Summer is upon us, and students across the country are exchanging their classrooms for internships. Internships are valuable learning experiences that allow students to apply their educations to real world professions.
But these experiences are highly susceptible to sexual harassment. Unpaid interns are particularly vulnerable as courts have ruled and Equal Employment Opportunity Commission policy dictates that, with some exceptions, unpaid interns do not have the protections afforded by the Title VII of the Civil Rights Act of 1964, which prohibits workplace discrimination. However, unpaid student interns who are participating in their internship for academic credit do have a form of recourse by virtue of Title IX.
Title IX is a 46 year-old civil rights law protecting students against gender discrimination in “educational programs.” Both the Third and Sixth Circuit U.S. Courts of Appeals have ruled that internships taken for academic credit qualify as “educational programs” under Title IX. Although internship sites themselves may not qualify as “educational institutions,” they can house “educational programs” for which federally funded educational institutions are responsible. This means that schools are responsible for responding to sexual harassment against students in the sites of their for-credit internships.
In one case, Varlesi v. Wayne State University, a Master of Social Work student experienced pregnancy discrimination at her site for a required fieldwork component. When she reported the discrimination to her school, the school official dismissed her complaint. The student’s fieldwork supervisor at the site proceeded to retaliate against her by assigning a failing grade, leaving the student unable to graduate. This example highlights the unique way that harassment can impact students in internships for credit; their academic progress depends on their supervisor and the successful completion of the internship.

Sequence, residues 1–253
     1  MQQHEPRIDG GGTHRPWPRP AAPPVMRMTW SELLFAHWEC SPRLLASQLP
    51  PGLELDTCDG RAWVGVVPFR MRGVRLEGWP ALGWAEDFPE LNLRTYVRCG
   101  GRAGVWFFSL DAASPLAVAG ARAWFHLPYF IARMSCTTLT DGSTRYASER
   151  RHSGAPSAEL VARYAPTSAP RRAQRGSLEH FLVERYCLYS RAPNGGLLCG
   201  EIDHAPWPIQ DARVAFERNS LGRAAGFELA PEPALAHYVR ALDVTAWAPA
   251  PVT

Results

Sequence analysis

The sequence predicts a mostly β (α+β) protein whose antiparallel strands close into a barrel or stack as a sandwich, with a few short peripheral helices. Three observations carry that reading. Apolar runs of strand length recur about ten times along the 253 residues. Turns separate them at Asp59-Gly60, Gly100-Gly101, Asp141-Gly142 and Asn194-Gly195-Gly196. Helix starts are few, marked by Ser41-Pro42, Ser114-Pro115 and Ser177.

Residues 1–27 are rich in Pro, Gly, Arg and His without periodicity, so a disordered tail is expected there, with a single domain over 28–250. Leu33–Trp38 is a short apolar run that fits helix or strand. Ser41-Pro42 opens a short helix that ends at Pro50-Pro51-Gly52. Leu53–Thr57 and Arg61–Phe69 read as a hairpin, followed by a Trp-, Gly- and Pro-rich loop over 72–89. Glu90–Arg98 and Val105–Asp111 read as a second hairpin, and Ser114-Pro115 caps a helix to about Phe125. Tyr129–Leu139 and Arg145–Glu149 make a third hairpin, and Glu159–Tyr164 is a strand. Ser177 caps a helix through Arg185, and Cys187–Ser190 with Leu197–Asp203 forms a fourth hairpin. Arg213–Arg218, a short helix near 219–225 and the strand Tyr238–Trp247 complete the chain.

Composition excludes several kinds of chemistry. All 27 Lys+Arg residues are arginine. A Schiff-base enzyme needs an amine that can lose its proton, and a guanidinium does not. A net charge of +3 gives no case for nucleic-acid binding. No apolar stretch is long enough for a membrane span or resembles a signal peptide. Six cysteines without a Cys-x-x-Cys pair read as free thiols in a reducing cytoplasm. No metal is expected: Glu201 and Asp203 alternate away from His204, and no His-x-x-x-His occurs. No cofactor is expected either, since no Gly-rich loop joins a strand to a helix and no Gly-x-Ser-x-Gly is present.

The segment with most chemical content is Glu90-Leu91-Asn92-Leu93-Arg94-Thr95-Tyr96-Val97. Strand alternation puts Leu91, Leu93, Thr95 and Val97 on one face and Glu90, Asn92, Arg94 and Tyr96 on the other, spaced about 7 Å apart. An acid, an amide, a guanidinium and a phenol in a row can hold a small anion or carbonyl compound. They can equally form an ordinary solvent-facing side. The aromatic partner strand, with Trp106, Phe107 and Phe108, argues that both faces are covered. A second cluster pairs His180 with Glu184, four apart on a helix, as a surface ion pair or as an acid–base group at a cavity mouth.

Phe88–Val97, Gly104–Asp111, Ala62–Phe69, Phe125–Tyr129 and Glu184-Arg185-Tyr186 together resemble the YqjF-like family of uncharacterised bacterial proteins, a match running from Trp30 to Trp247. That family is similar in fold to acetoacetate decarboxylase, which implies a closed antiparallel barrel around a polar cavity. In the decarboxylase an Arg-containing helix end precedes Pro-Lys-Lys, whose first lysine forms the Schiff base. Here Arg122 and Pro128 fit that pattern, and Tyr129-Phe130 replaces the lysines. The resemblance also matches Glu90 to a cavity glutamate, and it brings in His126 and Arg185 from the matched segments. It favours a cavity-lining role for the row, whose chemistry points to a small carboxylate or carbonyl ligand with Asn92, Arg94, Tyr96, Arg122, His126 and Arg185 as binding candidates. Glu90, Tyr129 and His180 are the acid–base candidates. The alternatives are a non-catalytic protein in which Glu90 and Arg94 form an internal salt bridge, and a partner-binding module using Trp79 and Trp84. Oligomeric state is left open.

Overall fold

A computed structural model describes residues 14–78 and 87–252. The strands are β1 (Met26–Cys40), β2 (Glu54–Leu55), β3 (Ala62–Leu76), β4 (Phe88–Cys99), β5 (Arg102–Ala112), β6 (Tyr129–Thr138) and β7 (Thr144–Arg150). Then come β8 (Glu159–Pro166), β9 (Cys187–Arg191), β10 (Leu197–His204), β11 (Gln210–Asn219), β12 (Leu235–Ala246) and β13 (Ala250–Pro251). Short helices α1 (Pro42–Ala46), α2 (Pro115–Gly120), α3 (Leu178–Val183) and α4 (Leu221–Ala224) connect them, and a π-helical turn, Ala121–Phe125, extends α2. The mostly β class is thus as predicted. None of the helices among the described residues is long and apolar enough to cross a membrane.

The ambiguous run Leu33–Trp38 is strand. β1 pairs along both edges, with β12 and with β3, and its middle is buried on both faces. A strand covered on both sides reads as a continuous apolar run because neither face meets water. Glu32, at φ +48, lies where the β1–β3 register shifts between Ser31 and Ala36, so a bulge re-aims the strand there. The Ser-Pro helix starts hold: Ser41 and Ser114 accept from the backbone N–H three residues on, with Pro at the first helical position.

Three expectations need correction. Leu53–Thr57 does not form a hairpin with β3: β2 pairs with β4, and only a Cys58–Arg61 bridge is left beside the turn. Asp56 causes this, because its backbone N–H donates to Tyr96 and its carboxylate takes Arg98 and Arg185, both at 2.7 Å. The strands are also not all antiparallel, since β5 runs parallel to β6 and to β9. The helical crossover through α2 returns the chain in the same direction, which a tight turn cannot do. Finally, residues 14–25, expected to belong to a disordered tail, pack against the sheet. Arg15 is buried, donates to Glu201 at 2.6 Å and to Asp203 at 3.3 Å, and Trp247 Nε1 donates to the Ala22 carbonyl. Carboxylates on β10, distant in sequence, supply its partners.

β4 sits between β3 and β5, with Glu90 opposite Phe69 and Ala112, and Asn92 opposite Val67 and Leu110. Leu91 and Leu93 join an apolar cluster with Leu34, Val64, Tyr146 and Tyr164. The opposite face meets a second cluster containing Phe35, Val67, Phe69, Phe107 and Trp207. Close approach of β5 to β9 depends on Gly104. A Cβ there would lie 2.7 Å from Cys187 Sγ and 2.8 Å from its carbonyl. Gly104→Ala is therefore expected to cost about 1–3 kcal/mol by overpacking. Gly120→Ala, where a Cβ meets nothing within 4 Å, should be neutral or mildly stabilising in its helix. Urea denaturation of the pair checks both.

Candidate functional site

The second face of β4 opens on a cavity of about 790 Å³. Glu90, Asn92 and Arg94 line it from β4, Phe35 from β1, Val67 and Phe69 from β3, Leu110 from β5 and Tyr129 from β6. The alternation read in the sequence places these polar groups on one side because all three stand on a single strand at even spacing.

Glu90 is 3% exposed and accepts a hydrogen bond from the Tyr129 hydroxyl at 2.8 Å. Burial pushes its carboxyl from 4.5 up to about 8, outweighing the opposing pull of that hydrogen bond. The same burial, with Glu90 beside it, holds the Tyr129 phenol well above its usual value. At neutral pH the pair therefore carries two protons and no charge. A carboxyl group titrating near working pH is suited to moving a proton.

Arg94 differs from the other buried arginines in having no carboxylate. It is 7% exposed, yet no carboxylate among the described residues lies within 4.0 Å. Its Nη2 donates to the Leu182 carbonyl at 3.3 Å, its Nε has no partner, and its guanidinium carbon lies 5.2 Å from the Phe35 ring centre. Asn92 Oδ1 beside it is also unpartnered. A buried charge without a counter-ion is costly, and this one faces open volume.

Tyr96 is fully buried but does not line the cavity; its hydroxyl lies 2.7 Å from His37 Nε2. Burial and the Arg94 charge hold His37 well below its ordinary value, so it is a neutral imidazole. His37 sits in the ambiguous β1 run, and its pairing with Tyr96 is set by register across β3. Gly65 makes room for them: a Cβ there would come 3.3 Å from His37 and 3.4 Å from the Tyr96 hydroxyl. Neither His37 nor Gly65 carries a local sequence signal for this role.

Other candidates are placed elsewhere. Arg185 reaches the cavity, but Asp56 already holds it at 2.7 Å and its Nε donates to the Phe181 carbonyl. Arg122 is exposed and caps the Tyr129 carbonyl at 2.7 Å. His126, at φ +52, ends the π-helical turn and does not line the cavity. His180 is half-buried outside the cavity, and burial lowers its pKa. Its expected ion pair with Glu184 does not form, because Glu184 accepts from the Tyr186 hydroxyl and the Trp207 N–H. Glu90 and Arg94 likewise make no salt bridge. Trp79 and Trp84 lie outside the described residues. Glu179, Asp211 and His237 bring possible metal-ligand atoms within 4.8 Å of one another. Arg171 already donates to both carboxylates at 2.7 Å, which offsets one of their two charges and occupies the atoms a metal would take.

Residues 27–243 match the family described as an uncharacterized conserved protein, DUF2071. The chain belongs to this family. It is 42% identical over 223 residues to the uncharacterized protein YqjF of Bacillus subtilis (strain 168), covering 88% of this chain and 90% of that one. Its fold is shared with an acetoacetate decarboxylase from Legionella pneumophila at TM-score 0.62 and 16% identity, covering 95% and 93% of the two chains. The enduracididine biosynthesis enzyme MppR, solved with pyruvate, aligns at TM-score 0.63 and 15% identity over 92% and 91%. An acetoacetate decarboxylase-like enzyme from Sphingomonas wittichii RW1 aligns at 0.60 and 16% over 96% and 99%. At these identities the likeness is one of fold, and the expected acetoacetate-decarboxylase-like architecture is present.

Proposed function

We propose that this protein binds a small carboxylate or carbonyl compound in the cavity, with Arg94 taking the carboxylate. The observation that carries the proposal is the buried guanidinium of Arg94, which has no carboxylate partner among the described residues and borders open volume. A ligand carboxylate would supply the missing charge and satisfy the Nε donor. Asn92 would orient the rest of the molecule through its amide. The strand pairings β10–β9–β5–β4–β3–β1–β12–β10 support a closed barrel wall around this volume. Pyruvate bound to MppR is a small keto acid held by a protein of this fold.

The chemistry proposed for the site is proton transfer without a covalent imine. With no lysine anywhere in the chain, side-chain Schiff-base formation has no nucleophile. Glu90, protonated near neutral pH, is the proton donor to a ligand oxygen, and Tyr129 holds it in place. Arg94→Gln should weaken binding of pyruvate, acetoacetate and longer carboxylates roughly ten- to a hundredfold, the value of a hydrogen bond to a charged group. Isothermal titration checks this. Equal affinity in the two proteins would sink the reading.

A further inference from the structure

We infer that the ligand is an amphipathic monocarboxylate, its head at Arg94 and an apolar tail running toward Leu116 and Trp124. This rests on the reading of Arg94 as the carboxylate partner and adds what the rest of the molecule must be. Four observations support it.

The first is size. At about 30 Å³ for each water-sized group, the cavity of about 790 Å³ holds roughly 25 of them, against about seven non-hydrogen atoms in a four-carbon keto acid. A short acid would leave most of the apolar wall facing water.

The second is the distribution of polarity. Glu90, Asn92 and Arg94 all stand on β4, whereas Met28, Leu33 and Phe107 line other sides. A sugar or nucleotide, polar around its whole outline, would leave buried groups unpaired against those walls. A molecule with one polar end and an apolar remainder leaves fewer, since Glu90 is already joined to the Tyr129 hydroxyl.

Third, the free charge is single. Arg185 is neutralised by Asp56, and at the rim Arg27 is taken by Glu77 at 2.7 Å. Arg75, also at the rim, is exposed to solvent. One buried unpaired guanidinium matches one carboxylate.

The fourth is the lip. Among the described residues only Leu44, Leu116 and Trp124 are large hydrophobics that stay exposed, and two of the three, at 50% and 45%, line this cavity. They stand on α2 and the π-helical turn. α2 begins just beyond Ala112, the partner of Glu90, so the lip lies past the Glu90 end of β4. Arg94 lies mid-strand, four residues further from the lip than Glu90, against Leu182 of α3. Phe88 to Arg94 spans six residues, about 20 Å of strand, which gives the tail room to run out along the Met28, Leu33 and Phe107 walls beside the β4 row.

Students in internships for credit should be aware that they have protections under Title IX. If a student experiences sexual harassment during their internship for credit, they have the option of seeking help through their school in complaint proceedings. As in any other educational program, schools are obligated to address complaints of sexual harassment and violence in internships for credit.
Furthermore, schools should take preventative measures to ensure that both students and for-credit internship sites are aware of their rights and responsibilities under Title IX. Arizona State University, for instance, created a fact sheet detailing these responsibilities for employers who host their students. Sending a Title IX fact sheet to students and employers affirms the institution’s commitment to Title IX, equips students with powerful knowledge, and apprises the host site of its responsibilities in offering this learning opportunity.
Learning opportunities should be immersive and educational, and internships for credit are no different. Sexual harassment in any learning environment is counterproductive to these ends, and sexual harassment poses unique challenges in internships. By embracing Title IX and educating both employers and students, institutions will encourage their students to thrive for many summers to come.
For more information on your rights as a student in Washington State, check out students.legalvoice.org.
- OpinionNovember 30, 2023Feminists don’t hate men; we’re just disappointed in them
- EntertainmentNovember 29, 2023Meet Corporate Erin, comedian Lisa Beasley’s wildly accurate corporate girlie satire
- Women's RightsNovember 23, 2023Black Women’s VC Fund sued for racial discrimination by conservative group
- FEISTY WomenNovember 22, 2023Share the Drop app helps moms share breast milk with other moms in need